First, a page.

About Freed-Hardeman University
One of the best qualities of a Freed-Hardeman education is the small class size. Find out more about what sets us apart.
The architectural centerpiece of campus, Old Main was designed by famous local architect Hubert McGee, and is home to the University's famous Bell Tower.
During a 1939 women's Bible class, Presidents W. Claude Hall and N. B. Hardeman sit in a rare relaxed pose. Hall achieved national recognition for Freed-Hardeman by aligning our curriculum with national collegiate standards. Hardeman visited congregations to build church support and increased the school's emphasis on Bible teaching. As students look on admiringly, both men are captured in their element: teaching the Bible.
Freed-Hardeman University is a private institution, associated with churches of Christ, dedicated to moral and spiritual values, academic excellence, and service in a friendly, supportive environment. The purpose of the university is to provide every student an undergraduate or graduate education permeated with these Christian values.
In accomplishing its purpose, the university pursues the following three aims:
Freed-Hardeman provides higher education with a Christian perspective:
• by recognizing the Bible as the inspired and authoritative Word of God
• by presenting Jesus, the Christ, as the model for personal behavior,
• by viewing each person as a special creation of God, possessing an everlasting soul, with ultimate accountability to God,
• by promoting racial harmony, religious unity, and respect for individual differences through Christian love and biblical teaching, and
• by offering programs, activities, and worship opportunities that strengthen the university community.
Freed-Hardeman provides educational opportunities through excellent undergraduate and graduate programs:
• by employing a qualified, caring Christian faculty,
• by teaching students to be critical thinkers who communicate effectively,
• by offering a balanced education in the liberal arts and sciences as well as specialization in a chosen discipline,
• by offering academic enrichment opportunities to strengthen individual students,
• by equipping students for advanced study and career challenges, and
• by instilling in students a lasting desire for learning.
Freed-Hardeman provides service to the individual, home, church, community, and world:
• by facilitating spiritual, intellectual, social, and physical growth,
• by recognizing the home as the basic unit of society and helping students develop skills for healthy Christian families,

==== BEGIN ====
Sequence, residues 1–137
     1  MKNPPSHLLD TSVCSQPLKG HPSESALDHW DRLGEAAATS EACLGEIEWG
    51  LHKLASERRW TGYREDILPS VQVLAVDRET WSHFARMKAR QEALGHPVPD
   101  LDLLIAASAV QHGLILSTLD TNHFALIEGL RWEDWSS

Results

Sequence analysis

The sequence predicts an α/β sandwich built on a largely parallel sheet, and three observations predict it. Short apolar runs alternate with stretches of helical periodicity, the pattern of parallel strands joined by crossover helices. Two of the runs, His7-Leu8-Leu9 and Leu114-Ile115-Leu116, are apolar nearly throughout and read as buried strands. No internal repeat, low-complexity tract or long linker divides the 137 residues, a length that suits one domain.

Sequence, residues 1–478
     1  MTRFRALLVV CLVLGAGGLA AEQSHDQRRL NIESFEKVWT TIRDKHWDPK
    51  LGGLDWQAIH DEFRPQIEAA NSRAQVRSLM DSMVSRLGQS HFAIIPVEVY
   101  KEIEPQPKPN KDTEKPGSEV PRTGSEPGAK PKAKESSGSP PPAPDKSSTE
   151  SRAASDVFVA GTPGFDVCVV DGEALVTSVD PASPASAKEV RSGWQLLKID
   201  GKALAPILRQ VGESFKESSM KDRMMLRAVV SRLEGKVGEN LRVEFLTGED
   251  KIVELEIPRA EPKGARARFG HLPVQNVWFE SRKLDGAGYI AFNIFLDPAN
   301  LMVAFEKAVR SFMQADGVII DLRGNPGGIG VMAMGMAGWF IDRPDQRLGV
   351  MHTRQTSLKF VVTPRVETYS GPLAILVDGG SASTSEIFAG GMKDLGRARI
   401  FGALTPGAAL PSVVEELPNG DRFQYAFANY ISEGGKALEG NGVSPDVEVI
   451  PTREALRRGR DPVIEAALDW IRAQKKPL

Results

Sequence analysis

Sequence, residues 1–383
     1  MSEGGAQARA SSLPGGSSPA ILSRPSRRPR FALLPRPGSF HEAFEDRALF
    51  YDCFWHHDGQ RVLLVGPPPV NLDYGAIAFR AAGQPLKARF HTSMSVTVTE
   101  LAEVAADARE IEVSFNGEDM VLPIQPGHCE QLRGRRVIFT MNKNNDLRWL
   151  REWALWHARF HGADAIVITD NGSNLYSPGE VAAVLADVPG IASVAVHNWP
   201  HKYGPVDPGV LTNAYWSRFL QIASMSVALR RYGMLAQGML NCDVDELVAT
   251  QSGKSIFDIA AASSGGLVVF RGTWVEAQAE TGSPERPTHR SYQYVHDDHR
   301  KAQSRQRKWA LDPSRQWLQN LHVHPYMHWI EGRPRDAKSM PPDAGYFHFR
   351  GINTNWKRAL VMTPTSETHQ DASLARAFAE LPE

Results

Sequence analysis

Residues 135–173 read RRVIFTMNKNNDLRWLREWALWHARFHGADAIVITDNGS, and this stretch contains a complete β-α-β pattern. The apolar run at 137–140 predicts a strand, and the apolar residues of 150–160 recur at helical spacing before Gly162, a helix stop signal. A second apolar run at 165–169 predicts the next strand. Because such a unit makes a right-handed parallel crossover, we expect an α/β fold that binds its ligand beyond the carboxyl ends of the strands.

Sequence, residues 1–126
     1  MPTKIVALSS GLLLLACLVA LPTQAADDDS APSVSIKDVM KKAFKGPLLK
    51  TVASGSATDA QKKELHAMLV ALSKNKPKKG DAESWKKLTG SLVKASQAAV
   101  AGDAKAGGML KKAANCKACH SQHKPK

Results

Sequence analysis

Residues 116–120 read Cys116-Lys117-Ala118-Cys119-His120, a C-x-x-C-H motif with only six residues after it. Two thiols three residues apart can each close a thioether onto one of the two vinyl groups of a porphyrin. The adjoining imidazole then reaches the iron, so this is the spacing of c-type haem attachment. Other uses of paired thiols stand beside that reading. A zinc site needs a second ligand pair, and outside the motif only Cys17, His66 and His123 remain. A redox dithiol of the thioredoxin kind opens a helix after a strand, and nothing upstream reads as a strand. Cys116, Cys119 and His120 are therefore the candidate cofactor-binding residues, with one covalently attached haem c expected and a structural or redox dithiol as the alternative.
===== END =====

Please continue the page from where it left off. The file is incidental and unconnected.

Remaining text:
• by encouraging students to love the church and preparing them for active service in a local congregation,
• by offering programs to strengthen and encourage growth of the church, and
• by teaching students to become effective citizens of the local and world communities.
Freed-Hardeman University traces its origin to the 1869 charter of a private high school and college for Henderson. The first recorded school in Henderson was taught in the latter half of the 1860s in a frame house located on the property where Hall-Roland Hall and the Old Main Administration Building now stand. It was last headed by A. S. Sayle. The Tennessee legislature, on November 30, 1869, incorporated the Henderson Male and Female Institute in an act which authorized the institute to offer high school and college courses of study and to confer degrees. In 1870, the school opened in a two-story frame building on what is now known as the Milan-Sitka property, where it operated for 15 years. In March of 1877, the legislature changed the name to the Henderson Masonic Male and Female Institute, the nominal term Masonic having come into use earlier. Beginning in 1871, Prof. George M. Savage managed the school, and John Bunyan Inman taught and served as principal for ten years. H. G. Savage was chairman of the faculty while his son, George M. Savage, was away during part of this era.
In August of 1885, the charter of the institute was amended to change the name to West Tennessee Christian College and to change somewhat the membership of the board of trustees. On the first Monday in October, the college opened with J. B. Inman as its president. President Inman died in 1889, and G. A. Lewellen was elected president. Lewellen resigned in 1893, and C. H. Duncan was elected to succeed him. In 1895, Arvy Glenn Freed, an alumnus of Valparaiso University in Indiana who had become, in 1889, the first president of Southern Tennessee Normal College at Essary Springs, Tennessee, became president of West Tennessee Christian College. The name of the college was changed to Georgie Robertson Christian College in 1897. In 1902, Ernest C. McDougle became co-president with Freed, and when Freed resigned in 1905, McDougle continued as president until the college closed at the end of the spring term in 1907.
On May 21, 1907, the National Teachers’ Normal and Business College was incorporated. Construction of the Administration Building began that fall, and the college opened in the fall of 1908 with A.G. Freed as president and N. B. Hardeman, who had studied and taught at Georgie Robertson Christian College, as vice president. The college was renamed for them in 1919. In February of 1990, it became Freed-Hardeman University.